Pew Research Center Compares Male, Female Gun Owners

According to a new study by Pew Research Center, male and female gun owners in the United States vary drastically. Here are the main points Pew talks about:

  1. Women who own guns tend to become gun owners at a later age than men.

  2. Women are more likely than men to cite protection – rather than recreation – as the only reason they own a gun.

  3. Women who own guns are less likely than their male counterparts to say they go sport shooting or hunting, though substantial shares of women do so.

  4. Female gun owners are less likely than male gun owners to say they watch TV programs or videos about guns and to say they visit websites about guns, hunting or shooting sports.

  5. Male gun owners are more likely than female gun owners to say there is a gun that is both loaded and easily accessible to them all of the time when they’re at home.

  6. Men and women who own guns are similar when it comes to how they see gun ownership.  Majorities of both groups of gun owners consider the right to own guns to be essential to their personal sense of freedom, and somewhat similar shares say being a gun owner is very or somewhat important to their overall identity.

  7. Among Republican and Republican-leaning gun owners, women tend to be more supportive than men of policy proposals that would restrict gun ownership.


While many gun control advocates will use the study to say women are uncomfortable having firearms around them or in their homes, there’s one big takeaway that I, as a female gun owner, take away from this study: the gun industry, as a whole, needs to continue to encourage women to be a part of the gun community. We can do this by:

  • Encouraging women to learn about firearms and how to properly use a loaded gun.
    The biggest challenge women have when they’re interested in learning more about firearms is the fear factor. We’re afraid of asking the wrong question and looking stupid. We’re afraid of doing/saying the wrong thing, which could really hurt someone. Ease that fear by being patient, understanding and open!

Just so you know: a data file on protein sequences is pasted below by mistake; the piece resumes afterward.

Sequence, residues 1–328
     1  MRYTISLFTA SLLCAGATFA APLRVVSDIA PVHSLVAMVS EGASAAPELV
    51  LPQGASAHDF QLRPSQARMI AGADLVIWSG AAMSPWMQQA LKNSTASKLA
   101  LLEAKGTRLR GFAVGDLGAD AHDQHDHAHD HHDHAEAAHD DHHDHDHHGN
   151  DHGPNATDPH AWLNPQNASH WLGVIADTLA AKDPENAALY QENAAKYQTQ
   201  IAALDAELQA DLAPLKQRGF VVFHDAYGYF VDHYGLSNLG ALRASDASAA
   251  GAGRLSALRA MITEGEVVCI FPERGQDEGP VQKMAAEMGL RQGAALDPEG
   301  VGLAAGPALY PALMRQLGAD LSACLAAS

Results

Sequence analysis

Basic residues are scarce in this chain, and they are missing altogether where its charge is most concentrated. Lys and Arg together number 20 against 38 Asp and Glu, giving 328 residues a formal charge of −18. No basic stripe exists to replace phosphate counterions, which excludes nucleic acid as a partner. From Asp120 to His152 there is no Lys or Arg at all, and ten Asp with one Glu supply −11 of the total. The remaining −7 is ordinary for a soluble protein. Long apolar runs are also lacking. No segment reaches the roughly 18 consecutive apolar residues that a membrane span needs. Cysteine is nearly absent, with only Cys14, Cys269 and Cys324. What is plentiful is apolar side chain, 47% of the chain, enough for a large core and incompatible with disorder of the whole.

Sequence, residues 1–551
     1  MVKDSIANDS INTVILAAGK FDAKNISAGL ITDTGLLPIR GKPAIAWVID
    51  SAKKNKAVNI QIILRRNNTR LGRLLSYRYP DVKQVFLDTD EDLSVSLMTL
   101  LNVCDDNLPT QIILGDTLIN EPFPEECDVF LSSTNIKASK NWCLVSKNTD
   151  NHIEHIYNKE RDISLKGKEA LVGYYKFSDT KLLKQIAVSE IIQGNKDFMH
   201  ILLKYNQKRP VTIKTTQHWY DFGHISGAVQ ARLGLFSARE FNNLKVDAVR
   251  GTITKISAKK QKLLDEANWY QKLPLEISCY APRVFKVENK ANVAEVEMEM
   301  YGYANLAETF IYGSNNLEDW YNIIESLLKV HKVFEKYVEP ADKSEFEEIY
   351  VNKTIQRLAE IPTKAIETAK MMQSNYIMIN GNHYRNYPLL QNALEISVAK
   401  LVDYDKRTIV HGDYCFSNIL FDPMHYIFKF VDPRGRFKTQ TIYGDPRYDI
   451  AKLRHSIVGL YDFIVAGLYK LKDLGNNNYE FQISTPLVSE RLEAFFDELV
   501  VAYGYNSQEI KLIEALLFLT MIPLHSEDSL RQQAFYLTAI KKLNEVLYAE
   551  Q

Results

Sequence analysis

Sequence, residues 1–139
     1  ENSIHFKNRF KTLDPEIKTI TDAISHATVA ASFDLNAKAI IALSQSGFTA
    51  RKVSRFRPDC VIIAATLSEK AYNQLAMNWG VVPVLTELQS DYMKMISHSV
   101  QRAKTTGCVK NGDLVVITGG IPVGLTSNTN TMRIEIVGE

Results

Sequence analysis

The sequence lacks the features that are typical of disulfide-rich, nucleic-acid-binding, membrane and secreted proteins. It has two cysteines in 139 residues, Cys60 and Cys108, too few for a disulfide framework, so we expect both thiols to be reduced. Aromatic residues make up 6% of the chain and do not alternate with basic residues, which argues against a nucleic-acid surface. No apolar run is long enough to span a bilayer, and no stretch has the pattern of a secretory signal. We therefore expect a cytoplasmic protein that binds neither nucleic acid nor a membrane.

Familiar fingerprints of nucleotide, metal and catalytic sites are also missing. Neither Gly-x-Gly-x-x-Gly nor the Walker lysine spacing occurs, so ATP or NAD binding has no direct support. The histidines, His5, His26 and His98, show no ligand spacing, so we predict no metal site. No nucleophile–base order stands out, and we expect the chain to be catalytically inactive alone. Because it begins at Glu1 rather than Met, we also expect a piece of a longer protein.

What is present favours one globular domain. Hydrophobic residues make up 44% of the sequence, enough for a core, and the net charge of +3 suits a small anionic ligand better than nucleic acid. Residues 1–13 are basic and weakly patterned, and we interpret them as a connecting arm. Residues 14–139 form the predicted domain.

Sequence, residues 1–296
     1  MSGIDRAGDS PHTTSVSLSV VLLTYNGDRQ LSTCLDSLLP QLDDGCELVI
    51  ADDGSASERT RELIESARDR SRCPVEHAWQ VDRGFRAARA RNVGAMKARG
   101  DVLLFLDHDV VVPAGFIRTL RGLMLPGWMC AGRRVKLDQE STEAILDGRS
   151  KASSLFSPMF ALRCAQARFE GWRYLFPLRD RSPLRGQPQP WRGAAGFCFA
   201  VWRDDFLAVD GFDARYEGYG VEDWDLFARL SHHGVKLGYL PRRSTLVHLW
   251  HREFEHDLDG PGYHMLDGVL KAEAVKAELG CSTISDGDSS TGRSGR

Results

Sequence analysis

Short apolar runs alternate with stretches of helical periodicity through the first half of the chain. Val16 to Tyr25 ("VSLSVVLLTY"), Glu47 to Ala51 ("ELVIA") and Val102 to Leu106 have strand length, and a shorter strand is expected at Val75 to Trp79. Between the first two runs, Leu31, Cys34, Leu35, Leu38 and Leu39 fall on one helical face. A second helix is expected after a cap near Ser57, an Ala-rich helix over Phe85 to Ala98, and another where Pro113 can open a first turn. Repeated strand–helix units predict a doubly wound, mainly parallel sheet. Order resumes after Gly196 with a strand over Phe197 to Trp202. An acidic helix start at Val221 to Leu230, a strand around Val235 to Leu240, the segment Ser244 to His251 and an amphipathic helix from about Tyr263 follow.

• Answering questions a woman has without being disrespectful and degrading.
    I can’t tell you the number of times I’ve asked a question and have received rude responses from gun store owners and employees. Answering questions without a snark or a “duh, you should know this” type of attitude can really make a difference in encouraging women to be a part of the firearms community. Be patient and answer the question openly, honestly and without being condescending.
  • Teaching women about all aspects of firearms, including how they function and the different types of guns and ammo.
    Everyone has to start somewhere! We should be enthusiastic we have another Second Amendment supporter on our side! Let’s help our community grow by educating others. Think of those who took you under your wing and taught you about firearms. Where would your firearms skills be without them?
  • Planning women only classes that are taught by female instructors.
    This allows women to ask questions that are more pertinent to them, like how to rack a slide when they don’t have the same forearm muscle strength as a man or how to properly shoot a rifle without digging into cleavage (trust me, it’s a very real problem). Having someone who understands the struggle can put a new shooter at ease and they could receive helpful pointers.
  • Encouraging women to join the shooting sports.
    Most women assume that the shooting sports are for men only. I have a friend who does competition shooting and she can beat out men in time and accuracy. We need more women who aren’t afraid to be the only female up to bat in shooting competitions.

At the end of the day, we all have a responsibility to make sure new shooters know the basics of owning a firearm, including the four rules for gun safety, but we also have the responsibility to make sure we’re being warm and welcoming and doing everything in our power to educate.

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